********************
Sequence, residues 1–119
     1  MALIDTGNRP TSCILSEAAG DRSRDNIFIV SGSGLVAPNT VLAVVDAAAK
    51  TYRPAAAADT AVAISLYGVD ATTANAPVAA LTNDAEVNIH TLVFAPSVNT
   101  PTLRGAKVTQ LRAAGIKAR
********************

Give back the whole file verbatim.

Sequence, residues 1–119
     1  MALIDTGNRP TSCILSEAAG DRSRDNIFIV SGSGLVAPNT VLAVVDAAAK
    51  TYRPAAAADT AVAISLYGVD ATTANAPVAA LTNDAEVNIH TLVFAPSVNT
   101  PTLRGAKVTQ LRAAGIKAR